- Bathe skin as little as possible, to prevent stripping the skin of natural oils that protect it.
- Take short, warm (but not hot or cold) showers or baths.
- Use a gentle cleanser to wash the skin, such as Dove, Elta, Cetaphil Gentle Cleanser, Cerave cleanser, or Purpose cleanser. DO NOT use Ivory, Zest, Irish Spring, or Dial.
- Be gentle when drying the skin. Pat the skin with a soft towel to dry.
- Moisturize the skin as much as possible, especially right after a bath or shower.
- Good choices for moisturizers are plain Vaseline, Elta moisturizer (available at the front desk), Cetaphil cream, or CeraVe cream (available at the front desk). Do not use scented moisturizers.
- For especially dry hands or feet, apply Elta moisturizer at bedtime and cover it with cotton gloves or socks to wear while sleeping.
- Launder clothing with a scent-free detergent such as Dreft, All Free, or Cheer Free. Use the extra rinse cycle when possible.
- Cut fingernails short to help minimize scratching.
What to Do When Flaring
- Prescription treatment may be necessary when eczema flares up, as there is usually more itching, redness, cracking of the skin, and sometimes infection.
- Apply treatment creams provided by your doctor, a small amount on each itchy or red area.
- Steroid creams should not be applied to the face, underarms, or groin area without consulting with your doctor first. If you are unsure where to put the cream or which one to use, call the office.
- For severe outbreaks, your doctor may recommend “wet dressings” (see below).
- Medicines (such as Atarax/hydroxyzine, doxepin, or Benadryl/diphenhydramine) taken at bedtime can help with itching and sleep. These medicines often cause drowsiness, so it is important not to drive or operate machinery after taking them. If you still feel sleepy in the morning, call your doctor to discuss a different dose or medication.
- Other antihistamines that cause less sleepiness (such as Zyrtec, Allegra, or Claritin) are available over the counter for daytime use, if needed.
- Not all of these medications can be used for children. If you have questions about over-the-counter medications for your child, please call our office.
- If you are concerned that the skin is infected (fever, warm and tender skin, yellow or white weeping drainage), then call your doctor immediately.
- If antibiotics (such as Keflex/cephalexin, amoxicillin or doxycycline) are prescribed, make sure to take the full course of treatment as directed by your doctor, even if the infection seems to be getting better.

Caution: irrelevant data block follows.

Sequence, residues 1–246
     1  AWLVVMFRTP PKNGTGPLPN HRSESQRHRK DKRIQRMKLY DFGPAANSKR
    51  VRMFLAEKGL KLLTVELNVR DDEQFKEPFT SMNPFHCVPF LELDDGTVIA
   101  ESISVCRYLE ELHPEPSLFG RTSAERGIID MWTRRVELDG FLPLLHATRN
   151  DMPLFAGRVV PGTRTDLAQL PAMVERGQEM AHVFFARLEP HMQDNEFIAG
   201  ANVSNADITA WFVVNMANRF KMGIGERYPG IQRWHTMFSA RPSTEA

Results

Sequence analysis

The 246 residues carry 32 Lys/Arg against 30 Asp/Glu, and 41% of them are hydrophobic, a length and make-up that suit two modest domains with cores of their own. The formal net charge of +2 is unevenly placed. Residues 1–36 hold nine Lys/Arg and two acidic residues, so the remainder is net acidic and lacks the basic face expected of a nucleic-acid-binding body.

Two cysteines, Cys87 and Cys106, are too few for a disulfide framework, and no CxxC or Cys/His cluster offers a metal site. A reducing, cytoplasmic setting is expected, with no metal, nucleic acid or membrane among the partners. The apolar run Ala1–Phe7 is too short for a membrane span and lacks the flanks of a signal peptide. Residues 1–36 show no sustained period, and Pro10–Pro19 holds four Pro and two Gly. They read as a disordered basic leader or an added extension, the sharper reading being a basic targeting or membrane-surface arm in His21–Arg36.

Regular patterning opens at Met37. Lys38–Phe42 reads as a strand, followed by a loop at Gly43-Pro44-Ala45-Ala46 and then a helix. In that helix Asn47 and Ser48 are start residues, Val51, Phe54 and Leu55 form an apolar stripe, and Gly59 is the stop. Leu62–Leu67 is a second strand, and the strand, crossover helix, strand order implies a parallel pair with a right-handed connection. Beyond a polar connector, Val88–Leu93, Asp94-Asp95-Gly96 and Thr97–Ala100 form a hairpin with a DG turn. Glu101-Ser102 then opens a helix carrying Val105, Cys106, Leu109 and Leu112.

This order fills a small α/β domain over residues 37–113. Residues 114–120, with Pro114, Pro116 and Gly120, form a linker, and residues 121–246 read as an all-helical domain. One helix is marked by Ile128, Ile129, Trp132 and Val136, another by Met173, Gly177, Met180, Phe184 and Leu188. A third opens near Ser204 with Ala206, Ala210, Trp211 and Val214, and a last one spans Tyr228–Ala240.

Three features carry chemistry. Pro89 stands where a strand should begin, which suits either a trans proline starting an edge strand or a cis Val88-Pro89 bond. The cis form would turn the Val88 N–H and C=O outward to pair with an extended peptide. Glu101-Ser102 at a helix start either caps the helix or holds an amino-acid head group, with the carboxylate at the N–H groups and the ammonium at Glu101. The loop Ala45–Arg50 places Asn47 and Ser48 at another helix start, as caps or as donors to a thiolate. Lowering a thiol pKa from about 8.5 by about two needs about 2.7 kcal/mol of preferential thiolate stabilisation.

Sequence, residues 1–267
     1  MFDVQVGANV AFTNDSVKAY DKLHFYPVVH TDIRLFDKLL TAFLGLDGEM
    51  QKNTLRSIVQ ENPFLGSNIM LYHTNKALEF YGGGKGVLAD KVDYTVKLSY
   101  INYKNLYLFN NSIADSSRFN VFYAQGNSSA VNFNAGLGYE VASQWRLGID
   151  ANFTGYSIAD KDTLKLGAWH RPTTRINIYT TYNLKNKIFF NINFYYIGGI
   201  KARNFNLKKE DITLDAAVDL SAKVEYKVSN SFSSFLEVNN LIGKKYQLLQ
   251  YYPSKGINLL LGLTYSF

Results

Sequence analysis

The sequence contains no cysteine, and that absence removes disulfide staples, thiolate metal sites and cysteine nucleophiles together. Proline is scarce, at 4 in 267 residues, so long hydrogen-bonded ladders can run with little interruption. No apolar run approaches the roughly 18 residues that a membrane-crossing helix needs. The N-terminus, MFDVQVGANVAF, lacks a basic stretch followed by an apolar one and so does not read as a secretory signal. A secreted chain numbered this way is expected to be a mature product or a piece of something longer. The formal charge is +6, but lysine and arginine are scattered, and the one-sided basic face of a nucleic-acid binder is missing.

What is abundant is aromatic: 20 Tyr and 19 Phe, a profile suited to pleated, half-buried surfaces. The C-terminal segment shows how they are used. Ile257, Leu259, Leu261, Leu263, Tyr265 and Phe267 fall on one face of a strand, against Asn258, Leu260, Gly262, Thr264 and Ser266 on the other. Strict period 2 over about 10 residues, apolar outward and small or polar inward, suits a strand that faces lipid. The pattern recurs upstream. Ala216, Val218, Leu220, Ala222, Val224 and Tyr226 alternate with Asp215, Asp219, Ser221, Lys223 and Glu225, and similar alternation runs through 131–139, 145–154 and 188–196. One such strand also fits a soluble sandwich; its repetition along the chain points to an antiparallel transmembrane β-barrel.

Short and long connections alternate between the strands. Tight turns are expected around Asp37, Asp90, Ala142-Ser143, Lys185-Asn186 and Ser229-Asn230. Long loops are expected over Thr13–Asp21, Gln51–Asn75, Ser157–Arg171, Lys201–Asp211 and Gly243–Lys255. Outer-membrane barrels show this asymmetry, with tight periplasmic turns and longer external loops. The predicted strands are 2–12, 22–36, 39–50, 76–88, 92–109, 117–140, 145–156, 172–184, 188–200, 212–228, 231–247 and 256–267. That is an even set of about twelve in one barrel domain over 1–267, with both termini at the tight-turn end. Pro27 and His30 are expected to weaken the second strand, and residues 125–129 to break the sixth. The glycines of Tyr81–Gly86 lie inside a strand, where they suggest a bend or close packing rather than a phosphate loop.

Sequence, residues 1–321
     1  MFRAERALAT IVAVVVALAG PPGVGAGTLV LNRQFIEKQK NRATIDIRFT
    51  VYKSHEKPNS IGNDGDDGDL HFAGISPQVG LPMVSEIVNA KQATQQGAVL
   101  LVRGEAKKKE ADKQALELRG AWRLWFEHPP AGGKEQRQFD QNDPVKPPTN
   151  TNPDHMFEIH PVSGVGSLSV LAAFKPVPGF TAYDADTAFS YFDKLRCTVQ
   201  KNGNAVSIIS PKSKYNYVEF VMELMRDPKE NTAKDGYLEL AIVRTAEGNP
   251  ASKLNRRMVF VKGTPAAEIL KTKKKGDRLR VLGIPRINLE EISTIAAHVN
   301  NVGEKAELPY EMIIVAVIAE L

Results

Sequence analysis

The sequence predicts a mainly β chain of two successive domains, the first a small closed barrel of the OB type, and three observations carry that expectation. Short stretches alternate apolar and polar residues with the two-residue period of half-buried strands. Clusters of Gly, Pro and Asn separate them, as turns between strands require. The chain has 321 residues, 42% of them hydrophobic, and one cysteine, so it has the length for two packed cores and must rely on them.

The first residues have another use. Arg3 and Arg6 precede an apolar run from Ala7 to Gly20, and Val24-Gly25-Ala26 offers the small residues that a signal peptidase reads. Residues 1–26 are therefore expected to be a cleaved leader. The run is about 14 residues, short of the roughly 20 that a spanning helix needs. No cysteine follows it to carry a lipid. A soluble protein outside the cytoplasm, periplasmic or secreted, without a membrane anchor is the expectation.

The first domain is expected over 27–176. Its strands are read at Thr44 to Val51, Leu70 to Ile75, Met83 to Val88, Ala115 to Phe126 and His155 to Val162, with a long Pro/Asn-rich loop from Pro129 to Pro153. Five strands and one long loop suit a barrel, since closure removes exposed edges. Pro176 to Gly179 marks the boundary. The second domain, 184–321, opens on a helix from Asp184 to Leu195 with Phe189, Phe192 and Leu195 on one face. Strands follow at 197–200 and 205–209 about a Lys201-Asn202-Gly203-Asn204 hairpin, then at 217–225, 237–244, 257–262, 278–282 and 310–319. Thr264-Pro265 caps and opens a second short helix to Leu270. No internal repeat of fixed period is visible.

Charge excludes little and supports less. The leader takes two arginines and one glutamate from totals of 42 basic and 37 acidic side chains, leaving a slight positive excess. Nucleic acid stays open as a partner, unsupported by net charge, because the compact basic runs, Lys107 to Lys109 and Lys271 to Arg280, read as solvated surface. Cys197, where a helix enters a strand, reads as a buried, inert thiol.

- If your doctor recommends, use bleach baths to control infection recurrence (see below).
Bleach baths are an inexpensive and easy way of reducing the amount of bacteria, including Staph Aureus, on the skin. If skin gets too dry from these baths, rinse off more thoroughly after bathing or reduce the amount of bleach added to the tub.
- Fill bathtub to a water level of 1-1/2 feet.
- Add 1 capful Clorox (bleach) to the bath water.
- Soak for 10-20 minutes.
- Rinse skin well in the shower afterward. You may use regular soaps or shampoos, as desired.
- Blot skin dry with a towel, using a fresh towel after each bath. WARNING: Use a white towel or old towel, as the bleach may cause it to lose color.
- Repeat 2-3 times weekly, as directed.
Instructions for Wet Dressings
Wet dressings are an intensive regiment to control severe skin dryness and irritation. This is a short-term solution, and aims to make the patient more comfortable and calm down inflammation to that more traditional, less time-intensive treatments can be used instead. This technique will greatly increase the strength of the topical medication and should only be used as prescribed.
- Patient may get cold as the dressings evaporate, so treat in a warm environment.
- Materials: 100% cotton recommended for wet wraps (cotton pajamas, T-shirt, socks, gloves) followed by dry warm materials (towels, sweat suits, blanket).
- Solution: Soak dressings in warm water or diluted vinegar (1/8-½ cup vinegar to 4 cups water)
Applying the Dressings
- Apply prescription medication to the affected areas in a thin, even film. Be careful to use steroids only on the recommended areas, stronger steroids on the trunk, arms, and legs and mild steroids on the face, groin, and underarms (avoid near eyes).
- Remove dressings from the solution, and gentle squeeze out excess fluid. The material should feel wet, but not dripping.
- Cover the dressing with dry towels, dry clothing, or blanket. Leave in place for at least 20-30 minutes.
Remove the dressings, and reapply a thin coat of steroid cream to all of the affected areas as prescribed.